Problems arise when there are too-large deviations from either condition. This happens not in the treble (unless the scaling gets too long), but in the bass of every harpsichord except perhaps a long Italian. Surely you’ve noticed bass notes having some ‘fudginess’ in their sound such that they can be edged up or down a bit and still make some kind of reasonable octave. This is (I believe) due to their partials being *more* inharmonic than would be required to match with the tenor notes.

    Stretching the treble beyond the call of duty is mainly psychological, I would say.

  2. skowroneck Says:

    Thanks, this explains a lot.

  3. Steve Clay Says:

    Non-piano tuner here trying to understand this concept. I get the cause of inharmonicity, but am not clear about “stretching”. Is this just tuning the upper keys progressively sharper than they “should” be? E.g. a series of As might be 440hz, 881hz, 1764hz, etc. I would understand that this would make the fundamentals of the upper registers in tune with the harmonics of the middle, but wouldn’t this adversely affect intonation with other instruments in those high registers?

  4. skowroneck Says:

    Yes, your idea of stretching is as far as I’m concerned correct (although I haven’t got any information about amounts since I don’t check my results with electronic tuners).
    Talking modern pianos: since the stretch appears most clearly in the higher octaves, where everybody else has to fish for the proper pitch as well, the issue of other-instrument-compatibility is normally a bit covered-up by other concerns. But you do hear such problems often enough anyway. At the end of Rachmaninoff’s third piano concerto (those high-soaring chords), for example. Or in the opening of Tchaikovsky’s first concerto, on the top chords in every group of three.
    But, there are enough issues In the middle register to distract from all this. The normal problems are a possible equal-temperament incompatibility of other instruments, and the harmonics-incompatibility with the piano of some instruments. To illustrate the latter, there is a curious passage in Schumann’s Introduction and Concert allegro Op. 134 in the coda where the sum-it-all-up melody of the piano is doubled in unison by the trumpet. No matter what the trumpet soloist does, it always sounds slightly off. Clarinet is another one of these instruments.
    Short answer: stretch in modern pianos is (or should be) little enough not to be noticeable in combination with other instruments. But sometimes it actually is.

  5. Scott Portzline Says:

    I am very interested in this debate (discussion) and agree with the premise that too many people are impressed by the math, or impressed by their new discovery of inharmonicity. Hence, they “overthink it” as stated by the author of this page. That plays out in tuners giving more “weight” to the “math argument” than the please the “ear argument.”

    May I provide an example of this debate through the use of architecture. Building designers have realized that when standing at ground level and down the street, and looking toward the far upper corner of their building, it appears to be sticking out further than it should. It is a perception problem. To relieve that “condition of the eye,” designers added parapets (a decorative extension) to diminish this optical illusion. (Notice this next time in a city)

    Furthermore, the ear has aural illusions. Paying too much attention to the math would not recognize what happens to the “ear.” Just like, if the architects had adhered strictly to math, there would be no parapet and the eye would not be as pleased. If tuners pay too much attention to the math, the ear can become annoyed.

    Therefore, since we are talking about human perception, I like a good tuner who can please his and my ear. And, that certainly varies because of perception, for the tuner and the listener.

    I think too many people are impressed by the math when we are really trying to please the ear – not a calculation.
    Scott Portzline

  6. Joel Lidstrom Says:

    This is an old thread and may not still be viable. But I’ll comment, and see if anyone is still there and interested.

    I am a concert tech having spent forty years “stretching” octaves. The first thing I’ll say is that Mr. Portzline is right; this is all about “pleasing the ear” and not about calculations. Calculations may objectify—and hence explain—what it is that pleases the ear. But once objectified, such knowledge is but a small aid in learning how to “stretch” the scale. It takes extraordinary ability, well-honed; a dogged determination; and a level of humility as one struggles with the slight difference between well-stretched and over-stretched.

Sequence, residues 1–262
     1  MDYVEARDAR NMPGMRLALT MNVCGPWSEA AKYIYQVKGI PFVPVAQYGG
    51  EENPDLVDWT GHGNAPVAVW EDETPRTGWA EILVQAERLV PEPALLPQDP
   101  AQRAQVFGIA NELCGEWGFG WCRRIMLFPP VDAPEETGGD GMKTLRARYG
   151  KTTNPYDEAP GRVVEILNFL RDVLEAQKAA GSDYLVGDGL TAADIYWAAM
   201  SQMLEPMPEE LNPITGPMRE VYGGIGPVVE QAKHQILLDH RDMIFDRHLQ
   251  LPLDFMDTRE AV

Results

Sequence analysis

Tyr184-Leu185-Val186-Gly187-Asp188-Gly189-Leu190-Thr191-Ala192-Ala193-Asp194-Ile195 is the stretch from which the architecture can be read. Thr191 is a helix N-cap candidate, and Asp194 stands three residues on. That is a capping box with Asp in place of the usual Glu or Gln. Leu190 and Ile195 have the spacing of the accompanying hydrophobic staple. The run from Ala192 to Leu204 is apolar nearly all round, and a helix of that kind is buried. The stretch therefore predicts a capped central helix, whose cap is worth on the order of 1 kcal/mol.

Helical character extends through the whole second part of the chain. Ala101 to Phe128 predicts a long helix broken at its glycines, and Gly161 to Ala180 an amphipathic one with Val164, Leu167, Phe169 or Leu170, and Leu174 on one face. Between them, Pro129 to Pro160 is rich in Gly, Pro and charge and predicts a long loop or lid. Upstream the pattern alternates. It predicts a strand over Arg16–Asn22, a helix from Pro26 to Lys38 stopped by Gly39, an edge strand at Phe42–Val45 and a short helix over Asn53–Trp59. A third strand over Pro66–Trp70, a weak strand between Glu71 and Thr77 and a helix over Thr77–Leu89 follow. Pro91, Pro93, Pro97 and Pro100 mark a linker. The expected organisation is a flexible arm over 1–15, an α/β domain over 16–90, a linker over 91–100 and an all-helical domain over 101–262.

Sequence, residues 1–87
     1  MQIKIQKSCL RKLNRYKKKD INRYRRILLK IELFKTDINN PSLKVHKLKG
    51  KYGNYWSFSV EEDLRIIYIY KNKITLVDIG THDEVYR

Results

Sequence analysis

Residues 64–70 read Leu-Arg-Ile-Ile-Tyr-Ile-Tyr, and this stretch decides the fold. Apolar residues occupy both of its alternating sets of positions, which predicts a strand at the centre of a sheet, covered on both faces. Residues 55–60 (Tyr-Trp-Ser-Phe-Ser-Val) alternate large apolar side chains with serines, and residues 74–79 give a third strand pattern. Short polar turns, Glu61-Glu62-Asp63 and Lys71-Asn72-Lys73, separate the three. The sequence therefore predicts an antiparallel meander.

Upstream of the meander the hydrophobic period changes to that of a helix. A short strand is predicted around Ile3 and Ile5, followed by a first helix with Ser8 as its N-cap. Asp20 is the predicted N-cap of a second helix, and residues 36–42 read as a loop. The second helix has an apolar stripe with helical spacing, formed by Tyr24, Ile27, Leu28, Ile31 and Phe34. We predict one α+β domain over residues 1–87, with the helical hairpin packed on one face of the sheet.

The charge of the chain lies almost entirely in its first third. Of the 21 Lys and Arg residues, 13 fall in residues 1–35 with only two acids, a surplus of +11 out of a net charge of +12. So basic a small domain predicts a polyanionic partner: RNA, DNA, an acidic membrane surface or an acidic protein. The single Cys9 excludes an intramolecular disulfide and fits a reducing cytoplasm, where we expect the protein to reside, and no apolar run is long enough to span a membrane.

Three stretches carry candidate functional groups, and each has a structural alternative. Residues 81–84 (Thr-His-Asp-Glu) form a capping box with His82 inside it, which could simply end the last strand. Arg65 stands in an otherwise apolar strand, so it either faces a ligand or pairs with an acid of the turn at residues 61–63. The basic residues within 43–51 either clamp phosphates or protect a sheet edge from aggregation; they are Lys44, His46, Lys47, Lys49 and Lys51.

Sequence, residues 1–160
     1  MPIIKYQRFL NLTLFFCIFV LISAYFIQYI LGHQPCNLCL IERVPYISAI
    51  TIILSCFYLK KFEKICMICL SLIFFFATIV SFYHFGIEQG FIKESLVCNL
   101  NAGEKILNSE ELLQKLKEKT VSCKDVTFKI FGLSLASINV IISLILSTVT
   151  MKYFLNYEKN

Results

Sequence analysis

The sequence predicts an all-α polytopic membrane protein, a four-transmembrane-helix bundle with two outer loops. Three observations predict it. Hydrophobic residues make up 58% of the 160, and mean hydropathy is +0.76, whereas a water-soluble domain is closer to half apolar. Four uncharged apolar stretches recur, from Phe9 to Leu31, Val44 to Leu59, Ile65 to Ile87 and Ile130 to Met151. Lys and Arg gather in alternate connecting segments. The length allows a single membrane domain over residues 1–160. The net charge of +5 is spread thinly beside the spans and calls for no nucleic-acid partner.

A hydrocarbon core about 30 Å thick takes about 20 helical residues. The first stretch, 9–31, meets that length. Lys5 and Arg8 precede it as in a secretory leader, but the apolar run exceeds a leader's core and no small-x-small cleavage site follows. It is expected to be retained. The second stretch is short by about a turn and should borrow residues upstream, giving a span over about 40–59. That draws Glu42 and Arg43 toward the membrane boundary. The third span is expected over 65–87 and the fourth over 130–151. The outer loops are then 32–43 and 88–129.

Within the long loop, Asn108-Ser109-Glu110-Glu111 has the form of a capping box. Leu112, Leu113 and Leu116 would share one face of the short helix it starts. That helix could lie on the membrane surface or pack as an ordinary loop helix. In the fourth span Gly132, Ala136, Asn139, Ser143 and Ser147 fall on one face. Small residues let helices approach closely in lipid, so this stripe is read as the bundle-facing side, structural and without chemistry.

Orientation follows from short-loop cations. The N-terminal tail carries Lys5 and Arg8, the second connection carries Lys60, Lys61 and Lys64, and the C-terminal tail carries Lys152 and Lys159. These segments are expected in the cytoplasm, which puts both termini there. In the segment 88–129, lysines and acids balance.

Why do we stretch octaves? Because

    1. any given string on the piano produces sharp overtones to one degree or another
    2. this sharpness increases the higher we go in the overtone series
    3. so-called classical music is played over a spread of three-octaves (and more)
    4. the wider the compass, the more noticeable the flatness of un-stretched octaves when playing with hands spread wide.

    How does an under-stretched piano perform? A concert instrument with too little stretch has no “singing” quality, no sustain, no “flight to eternity”. A beautifully stretched piano seems to expand forever…

    How do we stretch? If we tune octaves “somewhat too wide”, we’re in for trouble. And here is the crux of why the best concert tuners are so good: Octaves must be stretched to exactly match the temperament AND end up so that each note of the piano has a fundamental that is nearly identical with the eighth harmonic (seventh overtone) produced three octaves below. I say “nearly”, because the preferable stretch may be to match the sixth harmonic two-octaves-and-fifth below, depending on the piano and where in the treble one is tuning. (Of course this stretch is effected throughout the piano, but it is in the treble where it is most evident to the ear.) There is no direct means of tuning a note to match the harmonics of a note three octaves below! This takes years of learning how to control the stretch of every note in every octave so that retrospectively you discover that yes, you did achieve your goal, or no you did not. This may be why Mr. Skowroneck complains about tunings he hears from ostensibly fine tuners.

    That said, we have to be careful not to make the mistake of blaming octave stretch for ugliness the result of a mediocre temperament, or a stretch that doesn’t uniformly replicate the temperament at the desired harmonic level, or brittle voicing that accentuates upper partials.

    As for pianos playing with other instruments, what are you going to do? We can’t tune octaves flat for accompanying clarinets or pipe organs, or tune them sharp to accompany saxophonists. We can only strive for excellence of octave stretch; for under-stretching produces a closed-in and poorly sustained sound, and over-stretching produces wildness not a little painful to the ear. The best is always beautifully stretched octaves, and instrumentalists who listen and wonderfully play in tune…with the piano!